"If you were grabbed by scientists wanting to know what makes a sentinel, none of that would matter," Blair said unhappily. "When we first met, you said you didn't need the bad guys to know you had an edge - and I took that point. It was only later I began to realize all the possibilities... "

* * * * * * * *

They took what might be called the scenic route back to the campsite, walking in a semi-circle through the trees that took in several paths and needed close to two hours to complete. As they reached a point from which they could see the dam, Jim's head lifted in away that was all-too-familiar to Blair.

"What's wrong?" he asked.

"Not sure - but something's up. There's too much activity at the campsite."

They had been walking reasonably briskly, but without hurrying; now, by mutual consent, they speeded up, arriving back at the campsite to find it buzzing, with several police cars and an ambulance parked beside the site office. After one quick glance at each other, they headed over to the assembled police who looked to be getting ready to go hiking, Jim at least noticing that a few civilians, mostly men but a couple of women as well, that he had noticed during their stay were with the police. Blair at his heels, Jim made for the man who was clearly in charge.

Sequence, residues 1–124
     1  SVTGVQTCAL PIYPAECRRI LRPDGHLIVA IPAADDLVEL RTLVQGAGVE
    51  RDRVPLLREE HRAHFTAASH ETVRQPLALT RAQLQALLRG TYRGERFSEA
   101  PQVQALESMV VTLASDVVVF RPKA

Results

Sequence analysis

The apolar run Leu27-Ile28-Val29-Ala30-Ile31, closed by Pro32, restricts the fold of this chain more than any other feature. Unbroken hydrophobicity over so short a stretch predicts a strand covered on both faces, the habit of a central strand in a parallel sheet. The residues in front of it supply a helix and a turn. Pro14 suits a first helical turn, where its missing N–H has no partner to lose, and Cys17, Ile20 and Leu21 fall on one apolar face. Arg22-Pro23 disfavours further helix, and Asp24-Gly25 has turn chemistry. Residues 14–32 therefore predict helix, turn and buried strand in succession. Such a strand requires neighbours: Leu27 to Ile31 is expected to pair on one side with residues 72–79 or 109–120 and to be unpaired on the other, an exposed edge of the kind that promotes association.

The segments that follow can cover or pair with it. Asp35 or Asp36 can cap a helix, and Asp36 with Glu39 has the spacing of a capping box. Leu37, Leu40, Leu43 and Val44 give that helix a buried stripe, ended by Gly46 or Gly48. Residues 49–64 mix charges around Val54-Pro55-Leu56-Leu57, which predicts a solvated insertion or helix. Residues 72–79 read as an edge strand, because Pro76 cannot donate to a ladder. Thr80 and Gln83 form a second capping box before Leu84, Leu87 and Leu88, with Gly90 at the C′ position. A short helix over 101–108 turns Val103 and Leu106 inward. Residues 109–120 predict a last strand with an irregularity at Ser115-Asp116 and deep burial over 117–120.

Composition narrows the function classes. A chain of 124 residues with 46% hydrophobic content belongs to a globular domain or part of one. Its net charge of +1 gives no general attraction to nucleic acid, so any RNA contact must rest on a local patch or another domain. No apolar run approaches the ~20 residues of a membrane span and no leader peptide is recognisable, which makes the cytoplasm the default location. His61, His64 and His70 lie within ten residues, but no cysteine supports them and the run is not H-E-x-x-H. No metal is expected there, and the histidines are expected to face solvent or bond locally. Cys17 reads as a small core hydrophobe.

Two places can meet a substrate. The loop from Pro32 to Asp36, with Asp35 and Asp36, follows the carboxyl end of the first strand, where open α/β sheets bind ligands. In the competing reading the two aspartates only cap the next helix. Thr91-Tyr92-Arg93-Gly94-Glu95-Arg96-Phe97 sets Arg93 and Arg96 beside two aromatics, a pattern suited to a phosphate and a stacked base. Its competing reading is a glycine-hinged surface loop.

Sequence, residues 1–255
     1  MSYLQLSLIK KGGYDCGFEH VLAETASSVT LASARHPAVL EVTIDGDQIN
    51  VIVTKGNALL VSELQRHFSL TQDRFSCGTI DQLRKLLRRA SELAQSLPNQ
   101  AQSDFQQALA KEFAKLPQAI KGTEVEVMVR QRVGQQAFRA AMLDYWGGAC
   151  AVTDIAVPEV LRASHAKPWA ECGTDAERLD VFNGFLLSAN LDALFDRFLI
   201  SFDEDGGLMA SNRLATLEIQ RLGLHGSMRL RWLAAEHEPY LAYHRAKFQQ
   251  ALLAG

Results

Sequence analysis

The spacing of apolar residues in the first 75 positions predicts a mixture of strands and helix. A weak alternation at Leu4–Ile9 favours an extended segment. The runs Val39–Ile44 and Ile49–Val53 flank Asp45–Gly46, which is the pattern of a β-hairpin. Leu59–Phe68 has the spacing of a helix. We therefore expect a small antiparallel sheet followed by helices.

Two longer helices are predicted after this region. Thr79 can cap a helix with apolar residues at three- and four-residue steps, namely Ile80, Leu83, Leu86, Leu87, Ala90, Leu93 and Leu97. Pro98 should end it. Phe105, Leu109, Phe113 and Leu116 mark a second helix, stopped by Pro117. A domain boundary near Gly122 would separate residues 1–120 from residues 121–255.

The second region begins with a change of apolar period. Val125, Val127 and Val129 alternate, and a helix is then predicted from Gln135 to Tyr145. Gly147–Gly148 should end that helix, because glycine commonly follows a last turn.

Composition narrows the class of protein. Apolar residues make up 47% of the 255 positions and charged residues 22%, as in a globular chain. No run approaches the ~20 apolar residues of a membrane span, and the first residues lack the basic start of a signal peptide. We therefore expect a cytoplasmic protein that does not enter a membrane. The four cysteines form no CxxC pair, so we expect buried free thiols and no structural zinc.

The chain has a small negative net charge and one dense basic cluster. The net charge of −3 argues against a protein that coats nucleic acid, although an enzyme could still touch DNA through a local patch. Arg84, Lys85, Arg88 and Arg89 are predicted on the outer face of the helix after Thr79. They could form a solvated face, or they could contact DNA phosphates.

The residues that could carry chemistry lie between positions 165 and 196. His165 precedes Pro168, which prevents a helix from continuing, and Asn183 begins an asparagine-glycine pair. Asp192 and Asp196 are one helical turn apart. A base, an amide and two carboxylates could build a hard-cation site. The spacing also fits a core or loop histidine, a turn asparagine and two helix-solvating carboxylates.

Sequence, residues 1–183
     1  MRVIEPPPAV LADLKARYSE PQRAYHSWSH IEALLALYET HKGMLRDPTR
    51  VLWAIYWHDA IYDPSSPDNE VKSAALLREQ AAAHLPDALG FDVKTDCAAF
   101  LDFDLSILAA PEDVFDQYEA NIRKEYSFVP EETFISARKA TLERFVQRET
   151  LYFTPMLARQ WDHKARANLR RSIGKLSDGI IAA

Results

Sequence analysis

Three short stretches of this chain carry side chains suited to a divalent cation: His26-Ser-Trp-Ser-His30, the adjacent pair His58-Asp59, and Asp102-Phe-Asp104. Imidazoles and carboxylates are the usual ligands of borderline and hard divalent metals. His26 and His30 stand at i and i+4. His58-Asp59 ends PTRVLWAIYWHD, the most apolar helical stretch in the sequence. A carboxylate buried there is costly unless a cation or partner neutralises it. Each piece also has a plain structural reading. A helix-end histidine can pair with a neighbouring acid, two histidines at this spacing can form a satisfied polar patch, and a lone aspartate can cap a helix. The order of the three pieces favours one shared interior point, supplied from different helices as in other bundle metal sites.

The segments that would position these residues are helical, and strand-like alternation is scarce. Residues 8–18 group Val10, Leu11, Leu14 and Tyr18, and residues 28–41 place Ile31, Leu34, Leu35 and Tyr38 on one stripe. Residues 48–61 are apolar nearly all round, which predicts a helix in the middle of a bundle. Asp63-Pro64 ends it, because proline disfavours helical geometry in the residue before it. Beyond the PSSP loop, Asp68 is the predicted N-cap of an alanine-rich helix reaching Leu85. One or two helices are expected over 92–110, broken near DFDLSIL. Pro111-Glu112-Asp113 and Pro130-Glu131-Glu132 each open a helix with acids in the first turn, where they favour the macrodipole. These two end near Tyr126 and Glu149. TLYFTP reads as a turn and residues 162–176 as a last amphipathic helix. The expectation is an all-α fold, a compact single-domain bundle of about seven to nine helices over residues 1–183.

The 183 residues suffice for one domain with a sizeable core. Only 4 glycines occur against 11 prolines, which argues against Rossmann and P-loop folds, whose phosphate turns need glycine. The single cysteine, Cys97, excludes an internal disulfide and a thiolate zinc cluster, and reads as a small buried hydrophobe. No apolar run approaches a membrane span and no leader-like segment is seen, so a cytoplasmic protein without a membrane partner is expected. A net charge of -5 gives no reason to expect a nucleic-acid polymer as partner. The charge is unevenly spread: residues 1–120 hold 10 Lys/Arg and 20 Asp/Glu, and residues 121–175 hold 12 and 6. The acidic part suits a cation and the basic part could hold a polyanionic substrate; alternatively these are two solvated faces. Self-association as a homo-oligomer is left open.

"Afternoon," he said. "Jim Ellison and Blair Sandburg, Cascade PD. Can we help you?"